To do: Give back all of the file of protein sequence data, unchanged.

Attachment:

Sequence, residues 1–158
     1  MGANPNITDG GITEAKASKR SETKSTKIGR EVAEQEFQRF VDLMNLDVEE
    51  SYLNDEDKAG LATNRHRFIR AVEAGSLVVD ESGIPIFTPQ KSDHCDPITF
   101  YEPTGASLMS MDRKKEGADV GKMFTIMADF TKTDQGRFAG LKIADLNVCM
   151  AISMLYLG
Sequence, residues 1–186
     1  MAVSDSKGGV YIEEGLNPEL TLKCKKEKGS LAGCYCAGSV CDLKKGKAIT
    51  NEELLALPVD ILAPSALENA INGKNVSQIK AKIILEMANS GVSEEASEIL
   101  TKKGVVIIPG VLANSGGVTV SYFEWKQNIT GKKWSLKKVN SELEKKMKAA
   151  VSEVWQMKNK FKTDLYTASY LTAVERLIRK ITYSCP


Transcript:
Sequence, residues 1–158
     1  MGANPNITDG GITEAKASKR SETKSTKIGR EVAEQEFQRF VDLMNLDVEE
    51  SYLNDEDKAG LATNRHRFIR AVEAGSLVVD ESGIPIFTPQ KSDHCDPITF
   101  YEPTGASLMS MDRKKEGADV GKMFTIMADF TKTDQGRFAG LKIADLNVCM
   151  AISMLYLG
Sequence, residues 1–186
     1  MAVSDSKGGV YIEEGLNPEL TLKCKKEKGS LAGCYCAGSV CDLKKGKAIT
    51  NEELLALPVD ILAPSALENA INGKNVSQIK AKIILEMANS GVSEEASEIL
   101  TKKGVVIIPG VLANSGGVTV SYFEWKQNIT GKKWSLKKVN SELEKKMKAA
   151  VSEVWQMKNK FKTDLYTASY LTAVERLIRK ITYSCP